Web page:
We're not telling the SSB op he can't operate on 40 (or any other band),
we're saying that the SSB op has to respect other users.
Most administrations around the world have not adapted band/mode limitations
like the FCC has in the US. There are many reasons for that, one of which
is (IMHO) the fact that most amateurs follow the voluntary band plans, thus
a government imposed restriction is not neccesary. Those of us who do not
show reasonable self-restraint jeopardizes that.
Rick W1TY said "If Main Street in your town was closed or required a detour
during a festival or event, would that really bother you? Same thing. Just
detour to another frequency or band. There are lots of choices." Let's
explore that analogy a little further:
When the SSB ops occupy a majority of the band, but not all, yes, it's
equivalent to Main Street and other main roads being blocked for a major
event. But there are still "roads" available.
But when the SSB ops occupy all or almost all of the band, as SSB operations
below 7120 often did this last weekend, it's not just Main Street and other
main roads being blocked, it's ALL roads being blocked. No alternative
routes available. That's right?
To use a similar analogy, when the Boston Marathon is run, do only selected
roads that are a part of or adjacent to the route get shut down for a few
hours, or is every road in and out of Boston shot down?
I don't want to see "contest free zones" written into a contest's rules.
That makes the rules less flexible and causes unknown ancillary effects.
But if a small handful of ops refuse to restrain themselves and continue to
throw their "weight" around, and continue to act like the school yard
bullies who do whatever they want because they think they can... it will
happen. And we'll all suffer for it. So do we restrain ourselves, or wait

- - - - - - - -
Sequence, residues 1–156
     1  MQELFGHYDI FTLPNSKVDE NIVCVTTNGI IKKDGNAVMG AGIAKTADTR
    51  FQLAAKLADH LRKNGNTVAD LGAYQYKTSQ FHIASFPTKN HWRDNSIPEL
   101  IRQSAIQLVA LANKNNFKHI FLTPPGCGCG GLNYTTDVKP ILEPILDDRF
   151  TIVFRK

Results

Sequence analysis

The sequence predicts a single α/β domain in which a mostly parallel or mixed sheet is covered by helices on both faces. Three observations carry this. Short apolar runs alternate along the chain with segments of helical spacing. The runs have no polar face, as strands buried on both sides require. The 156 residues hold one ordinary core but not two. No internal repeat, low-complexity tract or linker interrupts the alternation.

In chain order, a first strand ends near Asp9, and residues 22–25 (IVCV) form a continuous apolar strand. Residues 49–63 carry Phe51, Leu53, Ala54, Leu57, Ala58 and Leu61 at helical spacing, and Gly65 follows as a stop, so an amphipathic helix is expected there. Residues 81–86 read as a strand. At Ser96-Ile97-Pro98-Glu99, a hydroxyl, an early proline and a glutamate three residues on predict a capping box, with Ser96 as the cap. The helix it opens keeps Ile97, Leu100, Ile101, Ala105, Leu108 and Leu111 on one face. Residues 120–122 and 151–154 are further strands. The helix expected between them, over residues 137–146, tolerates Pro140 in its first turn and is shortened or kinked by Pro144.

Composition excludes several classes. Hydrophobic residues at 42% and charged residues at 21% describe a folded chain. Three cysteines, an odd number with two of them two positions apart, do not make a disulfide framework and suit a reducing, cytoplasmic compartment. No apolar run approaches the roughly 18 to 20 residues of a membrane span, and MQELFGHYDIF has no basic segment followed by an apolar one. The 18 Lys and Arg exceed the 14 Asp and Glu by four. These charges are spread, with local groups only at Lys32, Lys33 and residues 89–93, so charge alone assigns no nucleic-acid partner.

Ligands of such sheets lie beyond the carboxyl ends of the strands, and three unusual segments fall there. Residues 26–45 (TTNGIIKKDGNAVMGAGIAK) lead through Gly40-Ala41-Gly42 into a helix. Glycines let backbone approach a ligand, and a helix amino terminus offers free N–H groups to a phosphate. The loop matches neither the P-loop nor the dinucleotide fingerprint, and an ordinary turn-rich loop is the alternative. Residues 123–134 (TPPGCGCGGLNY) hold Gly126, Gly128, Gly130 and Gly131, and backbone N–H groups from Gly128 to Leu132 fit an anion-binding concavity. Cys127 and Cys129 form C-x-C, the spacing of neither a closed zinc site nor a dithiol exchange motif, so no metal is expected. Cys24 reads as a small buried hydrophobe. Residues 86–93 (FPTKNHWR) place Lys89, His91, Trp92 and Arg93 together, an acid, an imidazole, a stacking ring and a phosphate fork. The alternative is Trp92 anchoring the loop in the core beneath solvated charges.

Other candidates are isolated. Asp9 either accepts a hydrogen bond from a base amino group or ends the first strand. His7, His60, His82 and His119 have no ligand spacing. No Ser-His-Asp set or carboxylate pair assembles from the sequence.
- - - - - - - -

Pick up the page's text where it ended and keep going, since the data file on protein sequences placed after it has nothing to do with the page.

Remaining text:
for the hammer to be dropped?
Oh, and Hans? Regarding '"gentleman" and "contesting" are incompatible
terms. Get used to it.'? That's the very mindset that's got us into this
mess. And no, they didn't used to be... but the "anything goes" and
"anything to win" mentatility is making them such. Sad... and encouraging
it is sadder.
73, ron w3wn
Date: 30 Oct 2006 09:16:20 -0600
From: Doug Smith W9WI <firstname.lastname@example.org>
Subject: Re: [CQ-Contest] SSB in CW band
To: 'CQ Contest Reflector' <email@example.com>
On Sun, 2006-10-29 at 23:58, Joe Subich, W4TV wrote:
> I'm saying that a contest sponsor cannot enforce anything more
> restrictive than the regulations of the particular country in
> which the station is operating. To do so opens the very real
> possibility of keystone copy, kangaroo courts, and unequal
> enforcement. Who is to decide which "bandplans" may be violated
> and which may not? Is SSB on 7010 any worse than SSB on 1833?
> What level of proof should be required?
When it comes down to it the majority of contest rules cannot be
enforced. How does the committee know I was QRP? They'd have to send
an inspector into my shack with a wattmeter... yet while violations are
not unheardof, they're rare. IMHO if the CQ WW rules were to specify
"no SSB between 7000 and 7025" most of the SSB operation between 7000
and 7025 *would* go away.
But... isn't this the same "contest-free zone" concept we're decrying
within the other bands? We're proposing to tell the SSB operator who
intends to operate on 40 meters that he *can't* operate on 40, because a
CW operator *might* want to operate? How is this different from
marking, say, 14227-14233 as off-limits because someone *might* want to
transmit a SSTV picture? Or 7290-7300 because someone *might* want to
operate full-carrier AM?
I was pleasantly surprised to notice a growing level of DX activity in
7150-7200KHz. Anyone who wasn't listening for DX up there missed out on
a number of stations, including V51W who was doing a land-office
business on 7195 simplex. At least on this side, SW BC is much less of
a problem up there than it used to be. I have hope that in a few years,
this segment will relieve pressure on the lower parts of the band --
this problem could be self-rectifying in 2-3 years.
Doug Smith W9WI
Pleasant View (Nashville), TN EM66
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